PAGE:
DOJ Releases Memorandum Supporting Employers’ Right to Mandate Vaccines Approved by the FDA for Emergency Use
Growing numbers of private businesses and public entities have announced policies requiring employees and others to be vaccinated against COVID-19 as a condition of employment or as a condition of access to facilities or services. In response to this trend, some have argued that employers and other organizations may not lawfully mandate COVID-19 vaccines that have been only approved for use under an emergency use authorization (EUA) as opposed to full approval by the U.S. Food and Drug Administration (FDA). Commentators and legal advisors have been divided over whether the EUA approval precludes mandating the vaccine. On July 6, 2021, the Office of Legal Counsel of the U.S. Department of Justice (DOJ) issued a memorandum opining that private businesses and public entities are not prohibited from mandating COVID-19 vaccines that have only received approval for use under an EUA. The memorandum, “Whether Section 564 of the Food, Drug, and Cosmetic Act Prohibits Entities from Requiring the Use of a Vaccine Subject to an Emergency Use Authorization,” helps settle any remaining legal debate and affirms that employers may lawfully require employees to receive COVID-19 vaccinations.
Background and Prior Guidance
COVID-19 hit the shores of the United States in January 2020. Almost immediately, universities, hospitals, and media began to anticipate the development and deployment of effective vaccines. In May 2020 came the announcement of Operation Warp Speed—a public-private partnership between the U.S. government and private companies to develop vaccines to combat COVID-19. Then, in June 2020, the FDA announced that any vaccine would need to be at least 50 percent effective in combating COVID-19 before receiving approval from the agency. Vaccines with effective rates of over 90 percent were announced in late 2020. Shortly thereafter, the FDA issued EUAs for the Pfizer-BioNTech and Moderna vaccines, followed by the Johnson & Johnson/Janssen vaccine. Just as quickly, employers began considering whether to require employees to be vaccinated as a condition of employment or as a condition of performing work on-site at company facilities.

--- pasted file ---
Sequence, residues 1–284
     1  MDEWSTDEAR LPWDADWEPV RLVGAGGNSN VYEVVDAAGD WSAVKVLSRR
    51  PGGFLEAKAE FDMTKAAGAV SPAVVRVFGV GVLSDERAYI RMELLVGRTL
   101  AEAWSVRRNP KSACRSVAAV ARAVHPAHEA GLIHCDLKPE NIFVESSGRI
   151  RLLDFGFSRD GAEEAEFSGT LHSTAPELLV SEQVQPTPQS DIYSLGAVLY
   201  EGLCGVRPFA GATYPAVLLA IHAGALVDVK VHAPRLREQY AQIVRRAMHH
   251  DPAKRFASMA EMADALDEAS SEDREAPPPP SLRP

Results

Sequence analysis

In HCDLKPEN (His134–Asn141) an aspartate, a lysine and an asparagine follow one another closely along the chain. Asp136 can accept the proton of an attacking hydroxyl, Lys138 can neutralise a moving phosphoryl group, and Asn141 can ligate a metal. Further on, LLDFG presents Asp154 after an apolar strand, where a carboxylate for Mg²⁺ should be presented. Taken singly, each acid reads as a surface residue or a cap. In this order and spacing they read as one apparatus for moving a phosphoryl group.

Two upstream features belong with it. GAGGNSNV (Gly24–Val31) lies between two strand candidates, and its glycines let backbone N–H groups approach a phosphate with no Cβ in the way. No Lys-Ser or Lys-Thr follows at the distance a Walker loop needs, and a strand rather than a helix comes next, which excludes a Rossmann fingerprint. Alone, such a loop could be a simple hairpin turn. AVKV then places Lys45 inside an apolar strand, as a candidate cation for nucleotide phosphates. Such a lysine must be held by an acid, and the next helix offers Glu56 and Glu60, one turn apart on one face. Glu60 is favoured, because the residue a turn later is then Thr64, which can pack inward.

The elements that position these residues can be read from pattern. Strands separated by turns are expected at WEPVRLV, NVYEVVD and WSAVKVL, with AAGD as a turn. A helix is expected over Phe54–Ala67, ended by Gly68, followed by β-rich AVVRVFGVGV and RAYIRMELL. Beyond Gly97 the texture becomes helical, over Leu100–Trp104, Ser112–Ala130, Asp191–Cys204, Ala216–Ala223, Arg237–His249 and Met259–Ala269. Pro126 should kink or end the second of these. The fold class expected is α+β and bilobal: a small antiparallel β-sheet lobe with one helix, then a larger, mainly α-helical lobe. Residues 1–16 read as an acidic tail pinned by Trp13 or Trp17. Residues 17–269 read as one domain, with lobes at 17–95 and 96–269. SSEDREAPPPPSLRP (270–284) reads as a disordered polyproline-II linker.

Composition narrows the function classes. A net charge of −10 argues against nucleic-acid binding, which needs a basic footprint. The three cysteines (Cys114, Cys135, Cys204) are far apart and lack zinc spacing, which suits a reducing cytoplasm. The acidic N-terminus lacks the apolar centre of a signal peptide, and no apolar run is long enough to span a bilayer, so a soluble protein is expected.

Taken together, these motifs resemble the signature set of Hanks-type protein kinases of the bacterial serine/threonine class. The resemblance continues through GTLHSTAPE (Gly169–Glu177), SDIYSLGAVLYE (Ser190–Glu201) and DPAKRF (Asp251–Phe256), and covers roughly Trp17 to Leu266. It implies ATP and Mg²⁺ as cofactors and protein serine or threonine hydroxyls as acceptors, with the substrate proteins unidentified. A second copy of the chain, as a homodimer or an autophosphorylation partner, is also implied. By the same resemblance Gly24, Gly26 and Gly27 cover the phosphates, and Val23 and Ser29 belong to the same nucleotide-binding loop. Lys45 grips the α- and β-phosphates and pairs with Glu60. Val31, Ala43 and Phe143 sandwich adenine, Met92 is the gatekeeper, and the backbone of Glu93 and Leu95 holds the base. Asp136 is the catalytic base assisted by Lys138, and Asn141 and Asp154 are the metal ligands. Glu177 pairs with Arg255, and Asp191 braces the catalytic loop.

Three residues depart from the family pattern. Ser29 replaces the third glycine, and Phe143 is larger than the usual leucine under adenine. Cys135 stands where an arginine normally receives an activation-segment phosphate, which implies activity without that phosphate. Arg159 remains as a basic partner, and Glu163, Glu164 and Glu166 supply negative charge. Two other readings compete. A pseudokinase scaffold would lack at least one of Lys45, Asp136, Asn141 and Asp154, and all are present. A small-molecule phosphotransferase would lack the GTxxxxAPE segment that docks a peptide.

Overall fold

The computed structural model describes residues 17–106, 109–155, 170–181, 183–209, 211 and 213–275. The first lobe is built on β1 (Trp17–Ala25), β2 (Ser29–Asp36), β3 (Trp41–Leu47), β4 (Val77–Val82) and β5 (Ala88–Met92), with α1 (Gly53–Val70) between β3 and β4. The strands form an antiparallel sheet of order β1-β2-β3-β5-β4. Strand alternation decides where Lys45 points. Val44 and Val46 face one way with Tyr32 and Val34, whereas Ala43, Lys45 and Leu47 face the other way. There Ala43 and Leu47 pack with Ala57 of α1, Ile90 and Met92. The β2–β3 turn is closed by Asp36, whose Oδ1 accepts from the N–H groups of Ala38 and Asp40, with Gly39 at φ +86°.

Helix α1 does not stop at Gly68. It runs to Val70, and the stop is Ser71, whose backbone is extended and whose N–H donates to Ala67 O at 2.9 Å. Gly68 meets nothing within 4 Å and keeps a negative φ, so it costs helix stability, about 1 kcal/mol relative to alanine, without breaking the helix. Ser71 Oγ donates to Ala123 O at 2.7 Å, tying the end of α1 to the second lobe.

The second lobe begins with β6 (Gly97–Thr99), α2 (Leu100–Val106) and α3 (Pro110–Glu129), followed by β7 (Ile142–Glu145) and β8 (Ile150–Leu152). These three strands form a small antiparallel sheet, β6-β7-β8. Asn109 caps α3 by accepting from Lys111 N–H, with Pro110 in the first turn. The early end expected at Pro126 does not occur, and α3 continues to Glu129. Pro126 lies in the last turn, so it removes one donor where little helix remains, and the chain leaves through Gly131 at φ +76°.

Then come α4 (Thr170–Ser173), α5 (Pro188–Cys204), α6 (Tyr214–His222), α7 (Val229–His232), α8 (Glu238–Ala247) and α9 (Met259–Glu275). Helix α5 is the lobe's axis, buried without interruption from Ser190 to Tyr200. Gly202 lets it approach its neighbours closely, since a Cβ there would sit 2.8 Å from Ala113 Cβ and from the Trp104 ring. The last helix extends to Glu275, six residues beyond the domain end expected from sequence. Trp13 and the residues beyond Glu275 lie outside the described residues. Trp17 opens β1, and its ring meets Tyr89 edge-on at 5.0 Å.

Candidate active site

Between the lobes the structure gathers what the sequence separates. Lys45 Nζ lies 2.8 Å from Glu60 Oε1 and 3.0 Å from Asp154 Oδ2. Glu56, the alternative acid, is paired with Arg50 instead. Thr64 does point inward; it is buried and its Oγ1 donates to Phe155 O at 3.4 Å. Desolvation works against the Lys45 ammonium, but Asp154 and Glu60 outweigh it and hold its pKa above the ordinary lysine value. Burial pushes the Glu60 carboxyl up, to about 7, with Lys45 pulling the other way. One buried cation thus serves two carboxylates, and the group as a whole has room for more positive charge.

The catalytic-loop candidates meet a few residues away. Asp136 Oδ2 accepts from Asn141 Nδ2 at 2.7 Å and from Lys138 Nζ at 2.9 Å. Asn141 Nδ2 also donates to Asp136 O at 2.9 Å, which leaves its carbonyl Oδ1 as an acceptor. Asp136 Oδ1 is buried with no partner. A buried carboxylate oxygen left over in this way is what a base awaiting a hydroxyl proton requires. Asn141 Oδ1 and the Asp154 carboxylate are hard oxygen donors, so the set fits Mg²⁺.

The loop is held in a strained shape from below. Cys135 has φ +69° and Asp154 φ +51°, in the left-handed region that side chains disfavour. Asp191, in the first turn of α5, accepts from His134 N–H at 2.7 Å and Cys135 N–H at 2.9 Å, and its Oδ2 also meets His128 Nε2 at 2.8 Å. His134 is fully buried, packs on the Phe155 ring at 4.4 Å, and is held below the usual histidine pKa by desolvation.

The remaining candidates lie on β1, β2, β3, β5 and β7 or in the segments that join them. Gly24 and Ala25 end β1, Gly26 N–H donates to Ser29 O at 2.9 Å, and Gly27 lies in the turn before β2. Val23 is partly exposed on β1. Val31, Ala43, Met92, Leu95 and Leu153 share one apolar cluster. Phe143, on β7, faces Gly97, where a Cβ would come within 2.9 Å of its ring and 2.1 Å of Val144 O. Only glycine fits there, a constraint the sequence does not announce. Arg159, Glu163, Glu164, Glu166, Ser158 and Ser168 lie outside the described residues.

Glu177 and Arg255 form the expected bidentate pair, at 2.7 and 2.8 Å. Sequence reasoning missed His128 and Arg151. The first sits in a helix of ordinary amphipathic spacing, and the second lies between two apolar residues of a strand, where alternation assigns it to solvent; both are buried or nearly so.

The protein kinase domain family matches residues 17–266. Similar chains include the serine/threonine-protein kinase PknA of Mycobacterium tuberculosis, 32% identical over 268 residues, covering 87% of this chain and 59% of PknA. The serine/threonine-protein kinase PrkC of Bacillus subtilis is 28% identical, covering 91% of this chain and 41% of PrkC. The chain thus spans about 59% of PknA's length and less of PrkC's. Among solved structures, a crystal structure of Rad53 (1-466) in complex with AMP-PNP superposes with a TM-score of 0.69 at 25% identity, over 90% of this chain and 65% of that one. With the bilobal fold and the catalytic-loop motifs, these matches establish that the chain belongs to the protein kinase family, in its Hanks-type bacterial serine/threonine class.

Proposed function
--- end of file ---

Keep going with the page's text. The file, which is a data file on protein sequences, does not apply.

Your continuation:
The question of whether an employer may require employees to get vaccinated is not new. For years, some employers in healthcare and other industries have required employees to receive vaccines against influenza and viruses in connection with their employment. In that context, the U.S. Equal Employment Opportunity Commission (EEOC) recognized an employer’s right to insist on vaccinations. For example, in 2009, in connection with the H1N1 pandemic, the EEOC issued guidance entitled “Pandemic Preparedness in the Workplace and the Americans with Disabilities Act.” There, the EEOC addressed the extent to which the Americans with Disabilities Act (ADA) and other federal employment laws restricted an employer’s ability to mandate influenza vaccines. The guidance, which has since been revised to address COVID-19, posed the question, “May an employer covered by the ADA and Title VII of the Civil Rights Act of 1964 compel all of its employees to take the influenza vaccine regardless of their medical conditions or their religious beliefs during a pandemic?” In answering “No,” the EEOC made the obvious observation that under the ADA and Title VII of the Civil Rights Act of 1964 reasonable accommodation must be provided to employees, absent an undue hardship, for their disabilities and religious beliefs, practices, or observances.